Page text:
The two titles of mine that I like fall into two of these cliches – is that a good or a bad thing? I don’t really know. Chapters is cliche #1 The One-Word, Multi-Syllable Punch although she suggests its more common in your action and horror genres (not really what my story is about.

This is no holiday falls into cliche #4 The Whimsical, Rather Over-Long Title That Tells Most of the Plot. The best example of this that I have recently read was The 100 year old man who climbed out the window by Jonas Jonasson – now there’s a lot of characters to fit on a spine!

Ahh, routine, welcome back!

School returned late last week after the long Christmas break and Little Man was squeezed into last year’s uniform some lunchbox fodder hastily arranged and off he went, happy as a clam.

And that means my work hours return to a more stable pattern and my free time for writing returns – huzzah!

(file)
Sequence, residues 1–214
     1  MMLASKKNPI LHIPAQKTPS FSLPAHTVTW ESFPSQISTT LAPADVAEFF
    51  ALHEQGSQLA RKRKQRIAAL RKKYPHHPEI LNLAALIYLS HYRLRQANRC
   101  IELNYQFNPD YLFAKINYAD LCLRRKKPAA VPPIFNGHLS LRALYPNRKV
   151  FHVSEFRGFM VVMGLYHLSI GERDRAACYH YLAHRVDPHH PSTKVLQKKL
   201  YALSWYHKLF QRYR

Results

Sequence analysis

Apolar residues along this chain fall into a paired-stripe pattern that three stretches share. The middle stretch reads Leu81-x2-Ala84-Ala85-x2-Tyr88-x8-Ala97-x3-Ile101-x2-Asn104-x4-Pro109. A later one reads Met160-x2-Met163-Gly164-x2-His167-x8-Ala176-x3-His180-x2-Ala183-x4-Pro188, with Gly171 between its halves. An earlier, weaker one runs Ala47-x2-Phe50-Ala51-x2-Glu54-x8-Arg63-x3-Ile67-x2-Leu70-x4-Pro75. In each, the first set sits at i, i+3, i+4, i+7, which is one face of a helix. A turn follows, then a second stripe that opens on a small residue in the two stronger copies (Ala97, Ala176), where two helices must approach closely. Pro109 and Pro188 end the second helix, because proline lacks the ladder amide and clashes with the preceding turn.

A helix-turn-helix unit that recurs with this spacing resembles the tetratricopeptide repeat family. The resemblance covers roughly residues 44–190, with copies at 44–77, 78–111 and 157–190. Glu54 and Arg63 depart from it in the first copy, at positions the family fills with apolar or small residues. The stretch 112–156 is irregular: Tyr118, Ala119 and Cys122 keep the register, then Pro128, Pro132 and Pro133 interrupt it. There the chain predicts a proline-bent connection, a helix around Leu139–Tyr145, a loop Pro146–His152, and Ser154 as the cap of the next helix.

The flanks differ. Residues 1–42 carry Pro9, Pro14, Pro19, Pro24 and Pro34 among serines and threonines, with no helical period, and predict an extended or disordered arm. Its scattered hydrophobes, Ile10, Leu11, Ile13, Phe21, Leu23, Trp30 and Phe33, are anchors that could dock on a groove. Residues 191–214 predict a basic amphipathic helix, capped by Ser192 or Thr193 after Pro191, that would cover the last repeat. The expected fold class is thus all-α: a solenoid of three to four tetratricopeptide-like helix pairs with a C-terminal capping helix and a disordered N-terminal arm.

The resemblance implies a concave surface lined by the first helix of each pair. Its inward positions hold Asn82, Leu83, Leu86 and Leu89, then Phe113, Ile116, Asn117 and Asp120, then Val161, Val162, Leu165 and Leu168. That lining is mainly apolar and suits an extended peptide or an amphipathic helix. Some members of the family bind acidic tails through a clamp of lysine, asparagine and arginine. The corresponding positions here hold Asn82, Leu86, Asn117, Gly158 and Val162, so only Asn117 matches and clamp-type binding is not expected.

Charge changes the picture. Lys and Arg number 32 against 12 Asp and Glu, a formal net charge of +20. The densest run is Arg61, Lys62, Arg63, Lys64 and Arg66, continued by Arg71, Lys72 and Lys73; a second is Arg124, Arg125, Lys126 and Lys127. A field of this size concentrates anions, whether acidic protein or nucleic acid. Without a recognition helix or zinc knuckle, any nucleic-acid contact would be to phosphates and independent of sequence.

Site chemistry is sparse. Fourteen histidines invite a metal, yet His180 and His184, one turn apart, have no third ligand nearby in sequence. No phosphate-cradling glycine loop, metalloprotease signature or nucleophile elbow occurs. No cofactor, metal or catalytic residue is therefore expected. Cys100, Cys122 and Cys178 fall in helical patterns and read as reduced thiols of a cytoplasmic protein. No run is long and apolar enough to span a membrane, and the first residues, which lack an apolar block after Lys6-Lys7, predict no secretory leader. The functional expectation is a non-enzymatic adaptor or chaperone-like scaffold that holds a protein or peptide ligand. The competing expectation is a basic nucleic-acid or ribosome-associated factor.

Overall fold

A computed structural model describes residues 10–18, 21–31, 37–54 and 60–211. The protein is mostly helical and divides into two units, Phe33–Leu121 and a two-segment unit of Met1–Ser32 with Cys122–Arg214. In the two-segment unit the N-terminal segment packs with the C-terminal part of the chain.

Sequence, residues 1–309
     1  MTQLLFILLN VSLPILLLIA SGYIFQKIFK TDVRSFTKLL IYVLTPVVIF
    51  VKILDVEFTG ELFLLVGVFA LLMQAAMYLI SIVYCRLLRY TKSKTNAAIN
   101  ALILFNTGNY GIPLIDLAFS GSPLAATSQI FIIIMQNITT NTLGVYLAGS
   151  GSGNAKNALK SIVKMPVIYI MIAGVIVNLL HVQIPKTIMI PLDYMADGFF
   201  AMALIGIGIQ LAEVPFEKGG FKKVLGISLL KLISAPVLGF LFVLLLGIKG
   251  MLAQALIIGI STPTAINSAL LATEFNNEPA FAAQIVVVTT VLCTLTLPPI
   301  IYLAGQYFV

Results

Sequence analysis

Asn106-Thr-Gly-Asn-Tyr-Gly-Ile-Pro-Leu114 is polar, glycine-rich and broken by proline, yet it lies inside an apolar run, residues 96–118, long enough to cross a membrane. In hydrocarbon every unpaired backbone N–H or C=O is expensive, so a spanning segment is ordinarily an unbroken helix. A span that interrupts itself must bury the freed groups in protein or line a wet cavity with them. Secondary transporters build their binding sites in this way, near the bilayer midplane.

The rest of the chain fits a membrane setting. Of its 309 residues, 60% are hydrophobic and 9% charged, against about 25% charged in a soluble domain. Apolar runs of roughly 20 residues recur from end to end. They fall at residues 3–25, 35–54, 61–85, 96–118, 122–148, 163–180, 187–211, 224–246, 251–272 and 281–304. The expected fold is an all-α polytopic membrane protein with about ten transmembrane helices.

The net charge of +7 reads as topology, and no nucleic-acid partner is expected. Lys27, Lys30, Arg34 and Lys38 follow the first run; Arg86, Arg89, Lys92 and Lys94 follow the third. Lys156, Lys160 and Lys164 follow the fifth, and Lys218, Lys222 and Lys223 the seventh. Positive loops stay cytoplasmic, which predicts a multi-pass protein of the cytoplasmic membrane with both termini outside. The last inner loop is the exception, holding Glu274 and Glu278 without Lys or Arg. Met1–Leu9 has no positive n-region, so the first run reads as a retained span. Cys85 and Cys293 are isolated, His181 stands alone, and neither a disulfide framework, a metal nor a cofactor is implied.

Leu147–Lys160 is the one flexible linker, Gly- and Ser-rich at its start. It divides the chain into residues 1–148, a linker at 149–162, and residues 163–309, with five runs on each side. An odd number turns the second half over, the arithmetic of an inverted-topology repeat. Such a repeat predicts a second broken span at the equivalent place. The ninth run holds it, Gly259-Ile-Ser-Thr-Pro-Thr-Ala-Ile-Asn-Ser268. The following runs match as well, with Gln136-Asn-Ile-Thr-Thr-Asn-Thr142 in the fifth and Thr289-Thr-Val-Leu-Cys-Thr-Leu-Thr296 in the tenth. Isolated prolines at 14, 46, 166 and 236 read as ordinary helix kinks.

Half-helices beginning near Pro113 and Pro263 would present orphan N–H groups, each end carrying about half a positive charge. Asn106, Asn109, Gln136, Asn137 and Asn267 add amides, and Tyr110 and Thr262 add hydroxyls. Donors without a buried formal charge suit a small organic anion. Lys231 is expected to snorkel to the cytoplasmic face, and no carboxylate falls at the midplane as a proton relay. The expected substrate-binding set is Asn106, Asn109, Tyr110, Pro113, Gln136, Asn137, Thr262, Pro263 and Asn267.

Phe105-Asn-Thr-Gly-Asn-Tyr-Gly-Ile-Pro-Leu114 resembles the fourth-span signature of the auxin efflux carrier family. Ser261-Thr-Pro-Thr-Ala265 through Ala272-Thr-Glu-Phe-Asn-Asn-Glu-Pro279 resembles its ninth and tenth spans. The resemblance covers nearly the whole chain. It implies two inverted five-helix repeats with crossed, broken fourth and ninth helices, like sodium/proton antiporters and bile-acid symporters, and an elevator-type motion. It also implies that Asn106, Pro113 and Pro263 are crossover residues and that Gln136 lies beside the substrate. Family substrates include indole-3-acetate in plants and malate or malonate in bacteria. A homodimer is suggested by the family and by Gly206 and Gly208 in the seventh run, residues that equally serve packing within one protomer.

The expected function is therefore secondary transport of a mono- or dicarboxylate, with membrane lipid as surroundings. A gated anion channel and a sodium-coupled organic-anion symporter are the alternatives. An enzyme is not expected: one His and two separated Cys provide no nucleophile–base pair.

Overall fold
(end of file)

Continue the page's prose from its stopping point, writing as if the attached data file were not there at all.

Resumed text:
draft 2With only a few weeks until my Writers Victoria course Refine Your Novel starts I need to do some serious work on my first draft. It has some pretty big issues that I know about, some flat secondary characters, a sister that disappears for half the novel, some additional tension that needs a ramp up, a backstory that kind of exists but needs more integrating.

So last night I popped online and uploaded my nanowrimo draft to Officeworks. Their little worker bees toiled away and this morning I went into the store and collected a printed out copy of my draft – it’s a hefty tome and soon to be covered in scribble marks methinks! Yes, these draftpics are of the actual manuscript – felt a bit guilty printing single sided, but those blank pages will get messy.

Thanks sabrakay for the kick in the pants that was your WIP Progress post, it may have seemed simple to you, but motivated me! .